Saturday, July 10, 2010

Reflections on the City in sizzling summer heat

With the summer heat reaching a peak at around 40 degrees and 95% humidity, it is time to escape the narrow, stuffy lanes to take relief on breezy peaks in the shade of large subtropical trees. Ascending to Mount Parker and the fantastic views it creates from its peak, it demonstrates again the quality, the city provides. The city planning not only fascinates from above, but the entire fabric amazes through its compaction and densification on all scales and stages: It is not only the dense build environment (which has stimulated and inspired futurists and cinematographer alike in terms of a darker take on the future), but furthermore the closeness to dense raw nature just five minutes away from the city. It is an invasive and mutual relationship between the city and its nature. While nature has been fought in the past and tried to be controlled for the most part of the city development, there is a shift in understanding on how the relationship could be beneficial.

But are we on the right track towards a greener city, more sustainable city, or do do we miss the chance by simply applying western ideas of beautified landscape to the urban fabric?

It is true, that the tropical nature is way more invasive and destructive to architecture, than, say tempered environments. Not only in terms of plant growth, but also in terms of pests. Yet the chance lies exactly in its rawness and ever rejuvenating force. Because of Hong Kong's geographic unique situation of being of volcanic heritage, the city had to evolve around many smaller peaks, most of them too steep and too large to be inhabited. They left natural corridors with a rich fauna and flora just next to the city. The mistake, which has been done in the past, is to cut off the connections to the nature next to the city, trying to tame the nature within the urban environments to become maintenance intensive spots of green, manicured islands, resembling the western suburb: pretty to look at, not to use. The finger like connections, which stayed intact, remained mere accidents because of the volume of the topography and high costs of removing them.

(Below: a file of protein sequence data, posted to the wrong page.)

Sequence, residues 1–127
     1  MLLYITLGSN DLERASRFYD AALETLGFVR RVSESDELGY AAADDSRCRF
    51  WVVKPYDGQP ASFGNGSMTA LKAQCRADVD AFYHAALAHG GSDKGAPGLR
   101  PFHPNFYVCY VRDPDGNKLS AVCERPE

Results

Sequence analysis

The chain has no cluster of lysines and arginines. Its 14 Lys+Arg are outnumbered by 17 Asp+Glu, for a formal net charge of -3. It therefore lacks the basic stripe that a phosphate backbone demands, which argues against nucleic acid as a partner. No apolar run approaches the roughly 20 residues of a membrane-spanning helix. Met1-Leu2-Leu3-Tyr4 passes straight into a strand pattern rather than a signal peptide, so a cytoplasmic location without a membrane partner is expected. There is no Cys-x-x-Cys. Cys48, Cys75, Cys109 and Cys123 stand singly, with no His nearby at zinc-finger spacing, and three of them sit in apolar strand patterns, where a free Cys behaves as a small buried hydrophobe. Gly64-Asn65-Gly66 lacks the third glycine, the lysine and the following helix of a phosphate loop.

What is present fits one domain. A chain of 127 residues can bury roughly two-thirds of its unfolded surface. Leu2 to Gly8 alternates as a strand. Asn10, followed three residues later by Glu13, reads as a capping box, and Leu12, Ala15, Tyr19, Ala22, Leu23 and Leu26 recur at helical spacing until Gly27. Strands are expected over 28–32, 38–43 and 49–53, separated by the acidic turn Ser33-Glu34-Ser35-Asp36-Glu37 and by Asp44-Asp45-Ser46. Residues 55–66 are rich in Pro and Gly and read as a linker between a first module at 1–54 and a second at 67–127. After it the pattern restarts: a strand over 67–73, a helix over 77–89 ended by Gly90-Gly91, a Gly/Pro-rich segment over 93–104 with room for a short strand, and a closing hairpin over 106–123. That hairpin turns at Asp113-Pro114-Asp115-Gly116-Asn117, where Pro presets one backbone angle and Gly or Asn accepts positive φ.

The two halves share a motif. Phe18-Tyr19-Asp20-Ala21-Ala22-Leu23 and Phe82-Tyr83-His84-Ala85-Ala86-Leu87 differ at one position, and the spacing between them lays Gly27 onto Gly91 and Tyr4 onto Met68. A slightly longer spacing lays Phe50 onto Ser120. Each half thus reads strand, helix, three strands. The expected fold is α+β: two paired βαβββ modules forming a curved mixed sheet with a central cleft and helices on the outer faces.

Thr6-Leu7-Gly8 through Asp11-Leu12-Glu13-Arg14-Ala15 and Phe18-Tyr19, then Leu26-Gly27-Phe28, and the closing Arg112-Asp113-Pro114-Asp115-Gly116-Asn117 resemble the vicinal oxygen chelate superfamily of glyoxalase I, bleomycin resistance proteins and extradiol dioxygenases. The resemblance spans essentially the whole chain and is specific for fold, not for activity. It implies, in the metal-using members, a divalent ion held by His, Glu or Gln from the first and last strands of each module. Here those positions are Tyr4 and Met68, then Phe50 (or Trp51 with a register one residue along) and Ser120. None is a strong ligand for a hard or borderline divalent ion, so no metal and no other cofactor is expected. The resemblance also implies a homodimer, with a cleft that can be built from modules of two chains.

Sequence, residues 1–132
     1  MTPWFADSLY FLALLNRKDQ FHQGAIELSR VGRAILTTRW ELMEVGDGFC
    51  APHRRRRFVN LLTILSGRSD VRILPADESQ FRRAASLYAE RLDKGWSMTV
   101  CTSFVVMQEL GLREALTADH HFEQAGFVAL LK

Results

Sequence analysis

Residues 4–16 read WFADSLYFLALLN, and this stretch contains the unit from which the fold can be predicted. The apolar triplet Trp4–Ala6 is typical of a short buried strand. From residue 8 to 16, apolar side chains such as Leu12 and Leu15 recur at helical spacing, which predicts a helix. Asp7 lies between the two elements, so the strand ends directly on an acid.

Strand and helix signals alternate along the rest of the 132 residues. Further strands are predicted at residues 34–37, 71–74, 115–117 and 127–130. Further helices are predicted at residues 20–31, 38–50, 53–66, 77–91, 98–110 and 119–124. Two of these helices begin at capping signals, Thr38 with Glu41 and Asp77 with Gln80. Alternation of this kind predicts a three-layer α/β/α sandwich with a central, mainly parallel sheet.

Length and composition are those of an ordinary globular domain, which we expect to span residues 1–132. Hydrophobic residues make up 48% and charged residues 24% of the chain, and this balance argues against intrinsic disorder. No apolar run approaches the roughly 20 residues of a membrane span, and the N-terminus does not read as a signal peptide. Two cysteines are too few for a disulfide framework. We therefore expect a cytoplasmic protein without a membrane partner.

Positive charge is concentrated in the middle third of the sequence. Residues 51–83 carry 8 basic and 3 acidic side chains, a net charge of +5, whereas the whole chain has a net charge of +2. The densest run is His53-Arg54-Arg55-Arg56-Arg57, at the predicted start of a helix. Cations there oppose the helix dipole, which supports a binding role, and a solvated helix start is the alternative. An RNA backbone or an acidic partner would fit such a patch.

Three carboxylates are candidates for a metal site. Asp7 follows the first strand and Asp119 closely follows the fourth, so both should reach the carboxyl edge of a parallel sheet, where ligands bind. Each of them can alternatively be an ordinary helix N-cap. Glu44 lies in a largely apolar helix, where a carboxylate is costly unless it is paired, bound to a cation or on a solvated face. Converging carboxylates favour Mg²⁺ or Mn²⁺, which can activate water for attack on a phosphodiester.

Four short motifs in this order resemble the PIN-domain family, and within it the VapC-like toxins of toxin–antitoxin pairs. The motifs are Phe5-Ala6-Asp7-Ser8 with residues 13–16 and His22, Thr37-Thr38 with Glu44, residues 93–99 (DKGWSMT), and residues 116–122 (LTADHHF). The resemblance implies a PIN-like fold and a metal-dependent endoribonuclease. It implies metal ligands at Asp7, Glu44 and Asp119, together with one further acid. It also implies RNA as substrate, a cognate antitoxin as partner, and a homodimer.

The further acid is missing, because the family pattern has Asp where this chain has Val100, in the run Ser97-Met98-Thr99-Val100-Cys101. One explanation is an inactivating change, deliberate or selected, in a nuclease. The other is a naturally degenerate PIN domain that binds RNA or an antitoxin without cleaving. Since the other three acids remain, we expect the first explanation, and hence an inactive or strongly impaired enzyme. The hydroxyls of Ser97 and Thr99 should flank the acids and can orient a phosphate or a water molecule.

The chance for Hong Kong lies in reinstating the finger connection to its nature, introducing a more sustainable element of wild into the urban centers. Similar to the (on paper only) garden city vision for the urban renewal of Rotterdam in the 50s, which introduced green corridors, creating un-interupted connections between city and nature and an improvement of the climate, Hong Kong could use the strength of its tropical nature, to introduce green channels, which allow fauna and flora exchange, improved climatic exchange and a secondary circulation network for leisure and recreation.

Other than a manicured nature, the local wild species are in less need to be maintained. In fact, their intense growth introduces the need to cut them back constantly. Introducing a wild corridor would reduce the need for maintenance and increase the self sustaining power of such environment.

Those thoughts come through my mind on a hot summer day up on the mountains, where the environment is so much better than down in the environment, created by us. Even if it appears to be not feasible for now due to mainly economic pressure within the city, we will launch a research project on nature highways and wild corridors soon....

© 2010, ice - ideas for contemporary environments

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